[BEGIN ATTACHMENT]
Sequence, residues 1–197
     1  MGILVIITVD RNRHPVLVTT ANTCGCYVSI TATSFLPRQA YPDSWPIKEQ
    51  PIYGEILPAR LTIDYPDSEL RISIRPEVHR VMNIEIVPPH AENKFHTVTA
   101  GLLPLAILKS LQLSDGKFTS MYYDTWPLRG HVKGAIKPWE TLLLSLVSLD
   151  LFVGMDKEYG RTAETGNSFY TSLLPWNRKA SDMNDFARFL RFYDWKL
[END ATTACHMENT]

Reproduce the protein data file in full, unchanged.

Sequence, residues 1–197
     1  MGILVIITVD RNRHPVLVTT ANTCGCYVSI TATSFLPRQA YPDSWPIKEQ
    51  PIYGEILPAR LTIDYPDSEL RISIRPEVHR VMNIEIVPPH AENKFHTVTA
   101  GLLPLAILKS LQLSDGKFTS MYYDTWPLRG HVKGAIKPWE TLLLSLVSLD
   151  LFVGMDKEYG RTAETGNSFY TSLLPWNRKA SDMNDFARFL RFYDWKL